News & Events
It’s hard to imagine how exciting it must have been to attend the 1913 premiere of Igor Stravinsky’s The Rite of Spring, which ended in a riot because of the disturbing rhythms and incendiary musical patterns. Even Beethoven – now considered a staid staple of classical music – was once regarded as somewhat revolutionary in his harmonies.
A concert titled Opus II features premiere performances of works by members of the Arizona State University Society of Composers, Inc. (SCI) in the informal, inviting setting of Phoenix Art Museum, offering the chance to perhaps hear from a modern-day Stravinsky or Beethoven.
“The partnership with the museum is great,” says SCI president Collette Sipho Mabingani, “because…we have the same mission: exposing the public to this music that sometimes is not accessible.” Mabingani was born and raised in South Africa and obtained degrees at Grand Valley State University and Central Michigan University before earning his doctorate in music composition at ASU.
“I started with [percussion] performance,” he says, “and…you have to improvise, so you get this idea of creating…and I got tired of playing other people’s music. I love experimenting with new kinds of music, so I still try and discover something I’ve never heard before.” At Opus II Mabingani will perform his own composition, a solo autobiographical work using rhythms reflecting his personal journey from South Africa to the West, including Latin cadences.
Other composers will use various configurations of a “Pierrot ensemble” of flute, clarinet, violin, cello, percussion, and piano — named after the instrumentation used by Arnold Schoenberg in his landmark 1912 melodrama Pierrot Lunaire (Moonstruck Pierrot) –- plus saxophone.
“Even though it’s been around for over a hundred years,” says SCI public relations manager Elliot Sneider of the ensemble, “there’s something always new about it, for some reason. There’s a lot you can do with it, so it’s kind of fun to work with.” Shortly after Sneider wrote his dissertation analyzing blues in the music of Aaron Copland, Maurice Ravel, and George Gershwin, he composed Big Hands Blues for piano, then arranged it for Opus II.
“I…was drawn to jazz when I was very young,” he says, “…this pull to jazz composers like Charles Mingus and Thelonious Monk, and the idea of having these structures that…allow for improvisation.”
Sneider studied composition at New England Conservatory of Music and New York University, then received his DMA from ASU, where he was initially intrigued by the work of professor James DeMars. “I have a jazz background,” says Sneider, “so for me there’s always been a pull to accept other cultural music and ‘how do I bring things together?’” He continues, “I found he’s someone who has…made a career dealing with those issues, and so that’s why I wanted to study here.”
“He [DeMars] composes in the same way that I do, which is what we call ‘intercultural music’,” says Mabingani, who also found his advisor’s compositions appealing. “But he uses Native American music with Western music, combines it and makes it his own…so I just fell in love with the way he writes.”
“I think all of the composers at the school really have something unique to bring,” adds Sneider. “Usually you choose your composer and you work only with that person, but here [at ASU] they not only encourage but require you to…work with all of them for a much broader experience.”
“There’s no one dogma, or one style,” says Israeli composer and Doctor of Musical Arts student Gil Dori. “I really got into the music of [ASU professor] Glenn Hackbarth — he’s…into the music on the electronics side, and that’s what I’m interested in doing too.” Dori came to ASU for his master’s degree after graduating from Haifa University, which he describes as “really heavy on composition…the best composers in Israel.”
For Opus II, Dori wrote a work called Shevarim; “in Hebrew it means ‘fragments’ or ‘shards,’ he explains, “but it’s also one of the calls of the shofar [ram’s horn], and really that’s a work based on an old Eastern European Jewish folk tune…it just slowly emerges through this texture.” The piece is a duet for saxophone and bass clarinet, and Dori enjoyed integrating sound effects like tongue smacks, clicks, and breathing through the instruments.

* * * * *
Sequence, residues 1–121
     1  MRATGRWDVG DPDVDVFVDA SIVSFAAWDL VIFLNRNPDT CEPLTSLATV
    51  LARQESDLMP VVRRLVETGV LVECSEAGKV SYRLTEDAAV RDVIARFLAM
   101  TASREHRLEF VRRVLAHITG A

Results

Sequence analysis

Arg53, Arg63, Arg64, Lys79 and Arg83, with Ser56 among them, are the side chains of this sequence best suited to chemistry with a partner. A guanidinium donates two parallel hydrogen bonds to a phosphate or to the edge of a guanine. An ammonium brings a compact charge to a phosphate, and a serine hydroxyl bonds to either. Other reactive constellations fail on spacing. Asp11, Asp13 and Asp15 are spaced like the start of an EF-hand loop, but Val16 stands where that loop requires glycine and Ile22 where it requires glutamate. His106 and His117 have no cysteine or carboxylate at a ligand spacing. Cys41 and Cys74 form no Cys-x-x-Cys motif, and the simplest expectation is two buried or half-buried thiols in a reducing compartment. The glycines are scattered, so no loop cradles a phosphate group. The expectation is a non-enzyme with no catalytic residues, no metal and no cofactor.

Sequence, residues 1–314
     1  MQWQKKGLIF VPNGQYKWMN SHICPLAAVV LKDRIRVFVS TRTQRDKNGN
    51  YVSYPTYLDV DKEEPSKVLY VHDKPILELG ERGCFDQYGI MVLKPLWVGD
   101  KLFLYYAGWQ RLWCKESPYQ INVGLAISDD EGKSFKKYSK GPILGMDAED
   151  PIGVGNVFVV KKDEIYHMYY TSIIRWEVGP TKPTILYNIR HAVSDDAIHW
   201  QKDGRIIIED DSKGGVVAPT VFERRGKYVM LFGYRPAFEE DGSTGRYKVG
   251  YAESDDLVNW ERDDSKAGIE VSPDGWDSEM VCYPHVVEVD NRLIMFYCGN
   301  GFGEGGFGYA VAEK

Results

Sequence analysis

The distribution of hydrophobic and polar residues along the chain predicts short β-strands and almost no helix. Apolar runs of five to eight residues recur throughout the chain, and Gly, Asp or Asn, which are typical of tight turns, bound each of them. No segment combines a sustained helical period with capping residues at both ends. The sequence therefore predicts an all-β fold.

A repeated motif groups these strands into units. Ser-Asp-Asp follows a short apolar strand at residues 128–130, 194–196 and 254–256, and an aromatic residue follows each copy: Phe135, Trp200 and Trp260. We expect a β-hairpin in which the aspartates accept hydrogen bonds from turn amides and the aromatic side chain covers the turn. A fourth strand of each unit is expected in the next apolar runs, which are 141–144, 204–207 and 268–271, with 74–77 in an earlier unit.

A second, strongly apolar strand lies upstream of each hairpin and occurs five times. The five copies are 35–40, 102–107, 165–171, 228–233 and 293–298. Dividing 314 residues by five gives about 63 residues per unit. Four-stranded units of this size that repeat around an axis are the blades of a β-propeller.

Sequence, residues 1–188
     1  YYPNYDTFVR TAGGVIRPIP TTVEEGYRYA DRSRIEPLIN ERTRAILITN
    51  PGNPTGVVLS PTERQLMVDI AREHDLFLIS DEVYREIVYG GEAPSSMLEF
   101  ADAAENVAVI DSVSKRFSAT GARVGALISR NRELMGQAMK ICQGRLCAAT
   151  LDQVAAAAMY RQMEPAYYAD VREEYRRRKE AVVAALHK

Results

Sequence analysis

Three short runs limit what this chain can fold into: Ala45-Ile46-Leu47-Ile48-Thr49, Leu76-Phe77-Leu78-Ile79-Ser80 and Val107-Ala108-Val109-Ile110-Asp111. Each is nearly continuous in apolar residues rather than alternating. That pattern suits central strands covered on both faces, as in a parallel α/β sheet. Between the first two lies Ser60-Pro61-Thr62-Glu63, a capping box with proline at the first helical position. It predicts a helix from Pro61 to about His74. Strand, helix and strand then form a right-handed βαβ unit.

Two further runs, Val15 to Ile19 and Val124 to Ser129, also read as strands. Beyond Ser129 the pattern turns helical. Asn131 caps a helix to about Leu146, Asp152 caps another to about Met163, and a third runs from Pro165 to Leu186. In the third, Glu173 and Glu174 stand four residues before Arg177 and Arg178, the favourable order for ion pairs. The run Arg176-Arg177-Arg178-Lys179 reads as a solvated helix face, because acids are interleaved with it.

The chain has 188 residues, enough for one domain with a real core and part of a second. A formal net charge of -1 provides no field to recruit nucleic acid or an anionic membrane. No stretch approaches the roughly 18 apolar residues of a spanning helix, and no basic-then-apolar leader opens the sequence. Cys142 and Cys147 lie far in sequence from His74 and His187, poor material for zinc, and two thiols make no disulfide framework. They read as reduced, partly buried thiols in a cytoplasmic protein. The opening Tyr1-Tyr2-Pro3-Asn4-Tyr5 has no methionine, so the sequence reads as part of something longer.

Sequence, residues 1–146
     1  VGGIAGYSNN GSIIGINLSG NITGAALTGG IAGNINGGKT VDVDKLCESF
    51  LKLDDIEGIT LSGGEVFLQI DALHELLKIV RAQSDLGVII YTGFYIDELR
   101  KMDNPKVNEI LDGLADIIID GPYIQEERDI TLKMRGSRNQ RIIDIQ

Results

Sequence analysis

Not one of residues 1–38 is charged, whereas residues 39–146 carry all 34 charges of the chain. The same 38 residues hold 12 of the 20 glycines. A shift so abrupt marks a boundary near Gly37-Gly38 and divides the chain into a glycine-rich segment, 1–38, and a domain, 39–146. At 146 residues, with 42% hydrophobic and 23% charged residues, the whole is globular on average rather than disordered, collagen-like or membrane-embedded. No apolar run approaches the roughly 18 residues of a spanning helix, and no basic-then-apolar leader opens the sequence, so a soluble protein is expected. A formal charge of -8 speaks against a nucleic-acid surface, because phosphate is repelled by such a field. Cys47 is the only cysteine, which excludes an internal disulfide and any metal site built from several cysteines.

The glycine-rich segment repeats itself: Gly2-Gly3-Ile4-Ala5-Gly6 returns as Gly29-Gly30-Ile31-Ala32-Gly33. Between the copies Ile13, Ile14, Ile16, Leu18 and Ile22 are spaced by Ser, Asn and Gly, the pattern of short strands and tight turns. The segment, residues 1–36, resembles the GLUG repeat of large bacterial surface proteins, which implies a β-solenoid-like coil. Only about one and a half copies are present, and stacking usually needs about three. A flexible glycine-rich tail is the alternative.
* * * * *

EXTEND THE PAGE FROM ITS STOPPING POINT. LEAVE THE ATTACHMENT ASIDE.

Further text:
Visit the Phoenix Art Museum this afternoon to hear these new works by Mabingani, Sneider, Dori, and other ASU composers — it’s free with museum admission, and the program promises previously unexplored treasures.
If you go:
When: Sunday, May 11 at 1PM
Where: Phoenix Art Museum
Cost: Free with museum admission
UPDATE (5/11/14 12:47PM): Here’s a live streaming link if you can’t attend the performance: http://ustre.am/1dGp0
The City Manager’s Trial Budget was formally presented on March 25, 2014 and is currently being discussed at more than 20 community budget hearings Citywide. For Council Districts 4 & 7, the community hearing will be held at Singer Hall in the Phoenix Art Museum, tomorrow night at 6 pm.
If You Go
What: Community Budget Hearing – Council Districts 4 & 7
Where: Phoenix Art Museum, Singer Hall, 1625 N. Central Ave.
When: Wednesday, April 16 at 6 p.m.
Residents are invited to attend community budget hearings to discuss the proposed City Manager’s 2014-15 Trial Budget and provide input and ideas. Council members and staff will answer questions and talk about specific district issues. To view a copy of the City Council Report on this topic, please visit phoenix.gov/budget. Questions and comments on the proposed budget can be sent to email@example.com or by calling 602-262-4800 or TTY Relay 602-534-5500.
With regards to the budget, state law requires a 60-day posting period on the City’s website for notice of intent to add new fees or taxes or to increase existing fees or taxes. This is to allow the public ample time to comment on proposals. Given the timeline to approve the budget before the next fiscal year begins, a 60-day posting beginning on April 17 would allow the City Council to act by June 18, the final meeting of the fiscal year. Therefore, the City Council is being asked to authorize posting revenue ideas in order to give the City Council the ability to act on June 18.
One revenue idea of particular note is an increase to parking meter rates from the current rate of $1.50 per hour to a range of $0.50 per hour up to $6 per hour. This idea would allow for use of the City’s new meters to charge variable rates that coincide with changes in demand due to time of day, location, and special events. Combined with expansion of parking meter enforcement hours to be determined by City Council, these changes would result in approximately $1 million – $2 million additional General Fund revenue annually, and would be offset somewhat by costs for additional enforcement needs.
If You Go
Where: Phoenix City Council Chambers, 200 W. Jefferson
When: Wednesday, April 16 at 3 p.m.
DPJ’s Wire series delivers news and information straight from the source without translation.
MAYOR STANTON, IN COOPERATION WITH PHOENIX SISTER CITIES, INC., TO HOST INAUGURAL MAYOR’S INTERNATIONAL GALA
Event to Celebrate Phoenix’s Cultural Diversity and Support Sister Cities Programs